Around 20% of visits to primary care physicians (PCPs) are made by patients with symptoms that resolve spontaneously, and as much as 72% of visits are prompted by acute respiratory symptoms. Excessive and improper use of diagnostic tests is a well-known problem in primary care that increases random outcomes. The same can be said for antibiotic prescription, particularly for respiratory tract infections, which could lead to increased bacterial resistance.
Clinical guidelines and clinical scoring systems may help to standardize diagnosis and treatment, but PCPs report that their low level of applicability, and clinicians’ own lack of time, are barriers to their use in practice.
Machine-learning models (MLMs) are one area of artificial intelligence (AI) that can achieve similar or even superior performance, compared with doctors in various clinical settings. These models could be a powerful tool for the medical diagnostic process, with broad fields of application and development in general medicine.
Clinical test notes are a written report in the patient’s medical notes. They include the doctor’s interpretation of the patient’s symptoms and signs, as well as the reasoning in support of the clinical decisions made during the appointment and any subsequent action taken (eg, laboratory tests or X-rays).
A retrospective review study, carried out in a primary care setting, assessed the performance of an MLM trained in triaging patients with respiratory symptoms using only the clinical features reported by the patient (symptoms and signs) before a medical visit (triage). Clinical text notes were extracted from 1500 records for patients that received one of the following seven International Classification of Diseases 10th Revision (ICD-10) codes: J00 (common cold), J10 and J11 (influenza), J15 (bacterial pneumonia), J20 (acute bronchitis), J44 (chronic obstructive pulmonary disorder [COPD]), and J45 (asthma).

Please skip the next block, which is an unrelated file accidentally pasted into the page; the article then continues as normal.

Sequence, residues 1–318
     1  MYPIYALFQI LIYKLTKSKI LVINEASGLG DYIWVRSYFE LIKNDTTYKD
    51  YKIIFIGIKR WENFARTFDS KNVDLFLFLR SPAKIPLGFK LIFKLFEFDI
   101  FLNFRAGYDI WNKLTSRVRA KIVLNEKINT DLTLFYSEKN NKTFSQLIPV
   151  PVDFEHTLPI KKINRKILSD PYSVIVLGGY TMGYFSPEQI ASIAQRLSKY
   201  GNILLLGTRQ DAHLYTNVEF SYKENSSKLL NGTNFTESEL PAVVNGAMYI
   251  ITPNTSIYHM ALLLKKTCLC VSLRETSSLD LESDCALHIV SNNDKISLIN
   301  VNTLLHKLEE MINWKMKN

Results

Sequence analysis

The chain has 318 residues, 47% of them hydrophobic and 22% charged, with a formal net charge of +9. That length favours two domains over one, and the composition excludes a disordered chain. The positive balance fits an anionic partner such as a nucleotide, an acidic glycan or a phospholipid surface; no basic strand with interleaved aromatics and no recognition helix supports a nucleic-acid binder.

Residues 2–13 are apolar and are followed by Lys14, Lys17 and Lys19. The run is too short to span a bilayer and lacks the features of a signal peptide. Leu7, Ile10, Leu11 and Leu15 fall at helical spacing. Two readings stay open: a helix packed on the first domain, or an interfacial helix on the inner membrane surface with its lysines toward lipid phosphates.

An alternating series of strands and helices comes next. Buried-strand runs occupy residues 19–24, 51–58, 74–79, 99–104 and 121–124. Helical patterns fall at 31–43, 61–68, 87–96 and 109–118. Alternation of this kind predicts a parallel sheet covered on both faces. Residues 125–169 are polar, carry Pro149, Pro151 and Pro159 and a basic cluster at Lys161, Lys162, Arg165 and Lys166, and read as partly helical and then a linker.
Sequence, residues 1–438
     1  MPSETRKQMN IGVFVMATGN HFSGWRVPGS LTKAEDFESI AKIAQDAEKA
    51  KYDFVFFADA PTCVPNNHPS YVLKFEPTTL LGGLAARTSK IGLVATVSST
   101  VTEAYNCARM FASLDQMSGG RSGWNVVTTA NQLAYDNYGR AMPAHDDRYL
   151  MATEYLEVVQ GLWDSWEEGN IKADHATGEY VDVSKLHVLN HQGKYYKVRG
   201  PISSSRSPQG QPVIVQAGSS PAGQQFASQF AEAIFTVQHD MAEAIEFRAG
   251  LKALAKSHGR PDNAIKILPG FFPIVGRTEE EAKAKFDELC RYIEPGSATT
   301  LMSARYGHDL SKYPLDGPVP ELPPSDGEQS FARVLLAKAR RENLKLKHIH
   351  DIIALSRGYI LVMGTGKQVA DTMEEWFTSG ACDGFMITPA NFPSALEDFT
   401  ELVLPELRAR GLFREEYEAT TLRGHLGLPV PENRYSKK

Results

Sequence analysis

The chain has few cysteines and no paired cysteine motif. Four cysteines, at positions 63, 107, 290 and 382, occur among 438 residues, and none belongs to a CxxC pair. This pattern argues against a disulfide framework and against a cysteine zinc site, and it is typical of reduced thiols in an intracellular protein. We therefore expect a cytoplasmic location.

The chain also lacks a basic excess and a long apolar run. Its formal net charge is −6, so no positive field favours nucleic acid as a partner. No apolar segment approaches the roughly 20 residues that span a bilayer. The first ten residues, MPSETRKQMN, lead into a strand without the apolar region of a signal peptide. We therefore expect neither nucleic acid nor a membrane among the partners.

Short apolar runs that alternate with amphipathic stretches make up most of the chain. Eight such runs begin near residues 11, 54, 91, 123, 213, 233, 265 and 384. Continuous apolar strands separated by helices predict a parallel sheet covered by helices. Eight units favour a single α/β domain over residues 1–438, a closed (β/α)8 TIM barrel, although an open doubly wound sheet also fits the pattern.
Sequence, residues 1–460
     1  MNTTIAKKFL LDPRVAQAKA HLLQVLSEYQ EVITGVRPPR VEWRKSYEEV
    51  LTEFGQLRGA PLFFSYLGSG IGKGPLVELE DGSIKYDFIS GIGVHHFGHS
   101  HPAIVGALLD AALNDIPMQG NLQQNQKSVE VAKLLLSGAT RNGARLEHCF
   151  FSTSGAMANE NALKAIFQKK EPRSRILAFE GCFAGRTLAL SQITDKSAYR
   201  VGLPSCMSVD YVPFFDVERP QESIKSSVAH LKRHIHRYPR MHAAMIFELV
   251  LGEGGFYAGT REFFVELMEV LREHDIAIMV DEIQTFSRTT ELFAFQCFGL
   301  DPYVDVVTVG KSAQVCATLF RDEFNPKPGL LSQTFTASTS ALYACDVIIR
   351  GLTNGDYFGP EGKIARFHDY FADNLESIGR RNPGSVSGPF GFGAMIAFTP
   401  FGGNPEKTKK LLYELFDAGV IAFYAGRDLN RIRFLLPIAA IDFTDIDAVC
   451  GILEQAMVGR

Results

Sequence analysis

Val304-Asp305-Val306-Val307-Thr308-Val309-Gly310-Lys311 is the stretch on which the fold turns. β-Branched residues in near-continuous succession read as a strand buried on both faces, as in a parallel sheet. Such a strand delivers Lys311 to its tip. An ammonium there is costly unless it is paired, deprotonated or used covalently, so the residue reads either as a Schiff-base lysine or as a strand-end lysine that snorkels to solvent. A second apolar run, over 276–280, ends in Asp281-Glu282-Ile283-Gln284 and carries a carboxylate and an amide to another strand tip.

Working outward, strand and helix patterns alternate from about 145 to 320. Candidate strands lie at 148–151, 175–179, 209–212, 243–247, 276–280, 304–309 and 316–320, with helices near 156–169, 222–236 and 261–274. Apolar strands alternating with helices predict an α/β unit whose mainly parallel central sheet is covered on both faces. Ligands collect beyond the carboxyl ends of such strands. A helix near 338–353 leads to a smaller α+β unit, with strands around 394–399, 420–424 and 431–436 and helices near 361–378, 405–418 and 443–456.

The model scored patients in two extrinsic data sets and divided them into 10 risk groups, with higher values representing greater risk. The researchers analyzed selected outcomes in each group. For each risk group, they examined the following outcomes:
Mean C-reactive protein (CRP) value.
The proportion of patients re-evaluated in primary care and emergency departments within 7 days.
The proportion of patients referred for a CXR, CXRs with signs of pneumonia, and incidentalomas.
The proportion of patients receiving antibiotic prescriptions.
The MLM, specifically the respiratory symptom triage model (RSTM), performs the triage such that patients in high-risk groups have more severe outcomes than those in lower-risk groups. Importantly, no patient in the lowest five risk groups had a CXR with signs of pneumonia or a pneumonia ICD-10 code.
Interestingly, the RSTM is ignorant of ICD-10 code subtypes but scores J15 (bacterial pneumonia) patients at an increasing rate in groups four through 10, while J00 (common cold) and J20 (acute bronchitis) decrease proportionally. J44 (COPD) was only found in groups two though eight, indicating that the model considers patients with pneumonia (J15) and COPD (J44) most likely to have worse outcomes, which matches reality.
The study authors hypothesized that if the RSTM shows similar performance in clinical settings, it could be implemented as a web-based tool, potentially triaging patients online before they make an appointment. The triage could potentially identify patients with low risk of lower respiratory tract infection, who could be attended to without the need for face-to-face consultations.
The RSTM could eliminate CXR referrals for patients in groups where the probability of positive findings is low or nonexistent, which would remove up to one third of CXRs and possibly one half of the incidentalomas without missing a positive CXR.
Even though all patients in the low-risk groups received diagnoses for which the benefit of antibiotics is debatable, antibiotics were often prescribed, regardless of the risk class. This finding means that, unfortunately, the data cannot be meaningfully assessed. The RSTM score needs no input from clinicians and can be ready when a patient enters the examination room, resulting in an easy-to-use, unambiguous, applicable score with a meaningful effect.
This article was translated from Univadis Italy, which is part of the Medscape professional network.
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